Requirements for First Aid in the Workplace

Understanding the Legislation

Download the Legislation Triangle to understand more about first aid legislation.

What is required in providing first aid?

First aid requirements will vary from one workplace to the next, depending on the nature of the work, the type of hazards, the workplace size and location, as well as the number of people at the workplace. These factors must be taken into account when deciding what first aid arrangements need to be provided.

This Code provides information on using a risk management approach to tailor first aid that suits the circumstances of your workplace, while also providing guidance on the number of first aid kits, their contents and the number of trained first aiders that are appropriate for some types of workplaces.

The risk management approach involves the following four steps:

  • Identify potential causes of workplace injury and illness
  • Assess the risk of workplace injury and illness
  • What first aid is required (staff, equipment, procedure, facilities)
  • Review the effectiveness of the first aid management program

Size, Quantity & Location of First Aid Kits

In relation to the size and location of the workplace, you should take into account:

  • Distance between different work areas
  • Response times for emergency services

First aid equipment and facilities should be located at convenient points and in areas where there is a higher risk of an injury or illness occurring. A larger workplace may require first aid to be available in more than one location in situations such as:

  • Work carried out a long distance from emergency services
  • Small number of workers are dispersed over a wide area
  • Access to a part of the workplace is difficult
  • The workplace has more than one floor level or multiple buildings, etc.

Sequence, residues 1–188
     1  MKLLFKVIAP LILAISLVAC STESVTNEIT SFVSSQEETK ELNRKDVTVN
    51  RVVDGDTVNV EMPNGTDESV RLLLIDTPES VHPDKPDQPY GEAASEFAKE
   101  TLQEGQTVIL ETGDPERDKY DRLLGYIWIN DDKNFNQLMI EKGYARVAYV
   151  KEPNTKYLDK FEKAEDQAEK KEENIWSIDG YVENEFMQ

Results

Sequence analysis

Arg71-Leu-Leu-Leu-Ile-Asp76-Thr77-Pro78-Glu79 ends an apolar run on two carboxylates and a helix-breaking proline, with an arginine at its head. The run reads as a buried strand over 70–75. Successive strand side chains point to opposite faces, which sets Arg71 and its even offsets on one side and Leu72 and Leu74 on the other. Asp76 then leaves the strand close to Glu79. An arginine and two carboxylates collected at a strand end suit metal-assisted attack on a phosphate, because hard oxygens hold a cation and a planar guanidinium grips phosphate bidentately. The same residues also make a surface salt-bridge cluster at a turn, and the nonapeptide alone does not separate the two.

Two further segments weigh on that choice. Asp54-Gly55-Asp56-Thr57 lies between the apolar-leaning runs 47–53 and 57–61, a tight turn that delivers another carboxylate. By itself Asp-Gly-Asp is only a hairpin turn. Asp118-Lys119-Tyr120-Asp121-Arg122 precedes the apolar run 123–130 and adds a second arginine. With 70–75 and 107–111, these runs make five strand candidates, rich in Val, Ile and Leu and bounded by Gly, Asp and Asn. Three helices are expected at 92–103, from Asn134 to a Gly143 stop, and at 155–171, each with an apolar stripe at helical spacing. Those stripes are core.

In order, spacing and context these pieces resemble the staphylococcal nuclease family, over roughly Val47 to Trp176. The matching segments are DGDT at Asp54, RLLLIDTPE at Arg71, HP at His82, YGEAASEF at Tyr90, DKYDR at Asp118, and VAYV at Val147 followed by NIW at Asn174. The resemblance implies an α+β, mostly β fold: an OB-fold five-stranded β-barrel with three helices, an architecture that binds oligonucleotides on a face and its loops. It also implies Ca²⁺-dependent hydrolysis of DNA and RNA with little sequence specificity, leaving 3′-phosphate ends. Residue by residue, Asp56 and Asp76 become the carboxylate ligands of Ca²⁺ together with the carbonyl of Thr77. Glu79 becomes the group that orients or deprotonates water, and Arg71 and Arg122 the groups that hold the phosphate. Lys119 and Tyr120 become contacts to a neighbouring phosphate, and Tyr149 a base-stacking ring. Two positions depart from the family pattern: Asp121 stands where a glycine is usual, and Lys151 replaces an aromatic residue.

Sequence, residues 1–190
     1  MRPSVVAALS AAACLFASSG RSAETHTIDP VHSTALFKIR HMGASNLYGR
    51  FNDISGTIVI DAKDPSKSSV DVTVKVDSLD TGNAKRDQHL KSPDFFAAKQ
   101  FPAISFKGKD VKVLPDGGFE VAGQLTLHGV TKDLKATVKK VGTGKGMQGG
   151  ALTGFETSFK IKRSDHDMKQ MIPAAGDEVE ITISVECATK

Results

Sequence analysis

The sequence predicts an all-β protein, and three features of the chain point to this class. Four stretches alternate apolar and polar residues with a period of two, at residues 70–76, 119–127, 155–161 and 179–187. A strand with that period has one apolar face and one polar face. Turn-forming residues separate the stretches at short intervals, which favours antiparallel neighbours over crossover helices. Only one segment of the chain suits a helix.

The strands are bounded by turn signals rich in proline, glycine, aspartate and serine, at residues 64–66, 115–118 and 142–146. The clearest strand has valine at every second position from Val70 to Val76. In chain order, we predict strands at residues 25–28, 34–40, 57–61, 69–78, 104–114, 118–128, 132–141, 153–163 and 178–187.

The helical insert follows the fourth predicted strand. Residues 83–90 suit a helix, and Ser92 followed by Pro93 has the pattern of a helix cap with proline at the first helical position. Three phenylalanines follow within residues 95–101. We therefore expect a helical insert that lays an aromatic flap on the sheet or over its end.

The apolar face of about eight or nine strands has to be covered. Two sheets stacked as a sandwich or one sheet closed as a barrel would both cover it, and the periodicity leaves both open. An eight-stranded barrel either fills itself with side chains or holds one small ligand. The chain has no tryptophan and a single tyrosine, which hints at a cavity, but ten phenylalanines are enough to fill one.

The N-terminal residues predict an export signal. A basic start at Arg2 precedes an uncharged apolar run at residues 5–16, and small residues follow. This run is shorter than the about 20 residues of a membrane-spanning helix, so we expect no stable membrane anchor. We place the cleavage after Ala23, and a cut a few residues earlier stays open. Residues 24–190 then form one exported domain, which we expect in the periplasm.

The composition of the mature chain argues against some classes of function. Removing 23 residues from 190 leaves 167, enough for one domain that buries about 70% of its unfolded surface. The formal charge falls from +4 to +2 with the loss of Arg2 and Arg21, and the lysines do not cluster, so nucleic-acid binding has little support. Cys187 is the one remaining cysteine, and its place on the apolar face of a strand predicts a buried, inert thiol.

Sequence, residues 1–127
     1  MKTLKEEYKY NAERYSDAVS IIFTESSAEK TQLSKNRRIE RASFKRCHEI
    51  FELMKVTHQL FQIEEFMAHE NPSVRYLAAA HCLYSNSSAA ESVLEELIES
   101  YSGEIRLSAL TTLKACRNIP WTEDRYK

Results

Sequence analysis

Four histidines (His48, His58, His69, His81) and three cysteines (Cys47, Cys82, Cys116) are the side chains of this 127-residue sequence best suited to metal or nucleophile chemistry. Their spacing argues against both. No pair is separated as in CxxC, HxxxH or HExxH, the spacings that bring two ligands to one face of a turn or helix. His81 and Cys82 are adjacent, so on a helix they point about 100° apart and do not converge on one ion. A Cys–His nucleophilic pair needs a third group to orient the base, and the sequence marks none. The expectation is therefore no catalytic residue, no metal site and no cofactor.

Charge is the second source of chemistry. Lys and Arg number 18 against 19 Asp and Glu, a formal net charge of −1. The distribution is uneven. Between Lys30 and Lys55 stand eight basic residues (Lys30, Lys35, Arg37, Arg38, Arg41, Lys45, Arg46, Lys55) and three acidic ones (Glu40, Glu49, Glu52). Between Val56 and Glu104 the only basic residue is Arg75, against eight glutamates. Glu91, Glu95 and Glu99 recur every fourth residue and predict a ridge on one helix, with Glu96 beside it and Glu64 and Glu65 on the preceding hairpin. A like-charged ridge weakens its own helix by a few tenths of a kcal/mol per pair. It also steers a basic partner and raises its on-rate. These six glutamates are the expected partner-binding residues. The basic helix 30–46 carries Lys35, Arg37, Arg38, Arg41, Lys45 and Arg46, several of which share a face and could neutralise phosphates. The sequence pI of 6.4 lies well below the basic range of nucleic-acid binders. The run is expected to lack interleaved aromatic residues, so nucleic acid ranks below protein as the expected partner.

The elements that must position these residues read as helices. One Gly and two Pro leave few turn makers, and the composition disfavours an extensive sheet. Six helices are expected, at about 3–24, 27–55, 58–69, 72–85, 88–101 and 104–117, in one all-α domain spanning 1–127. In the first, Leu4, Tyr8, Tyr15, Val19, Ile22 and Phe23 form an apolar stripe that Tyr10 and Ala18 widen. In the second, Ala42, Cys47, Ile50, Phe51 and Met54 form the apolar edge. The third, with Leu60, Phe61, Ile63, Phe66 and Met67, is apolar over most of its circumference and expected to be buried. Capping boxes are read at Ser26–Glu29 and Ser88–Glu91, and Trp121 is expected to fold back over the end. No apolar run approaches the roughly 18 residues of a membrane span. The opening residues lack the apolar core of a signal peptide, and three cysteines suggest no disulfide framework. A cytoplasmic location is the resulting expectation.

First aid kits should be kept in prominent, accessible locations and able to be retrieved promptly. First aid kits should be located close to areas of higher risk. A portable first aid kit should be provided in the vehicles of mobile workers if that is their workplace (i.e. couriers, taxis, sales reps, off site workers, company vehicles). These kits should be safely located so as not to become a projectile in the event of an accident.

In determining the quantity, contents, and location of workplace first aid kits consideration must also be given to the number and composition of workers and other people. The number of people first aid may be required for includes workers, contractors, subcontractors, patrons, volunteers, and any other person entering the work premises. For the purpose of deciding who requires access to first aid, you should consider the maximum number of workers or others that may be within the workplace at any one time.

First Aid Facilities and Rooms

Facilities for the administration of first aid should be based upon a risk assessment to determine an appropriate area to provide patient care. However, addition facilities may be required for certain types of workplaces with the risk of serious injury or a large workforce.

A dedicated first aid room is recommended for:

  • Low risk workplaces with 200 worker or more
  • High risk workplaces with 100 workers or more

In addition to first aid supplies, the following items should be provided in the first aid room:

  • First aid kit appropriate for the workplace · Container for sharps disposal
  • Hand cleanser and paper towels · Bowl or buckets (2L capacity min)
  • Examination lounge (waterproof surface/disposable sheets · Electric power points
  • Examination lamp with magnifier · Chair/table or desk
  • Cupboard for storage · Telephone or emergency call system
  • Container with disposable lining for soiled waste · Contact details for first aiders onsite

The first aid room should also:

  • Be located within easy access to a sink with hot/cold water and toilet facilities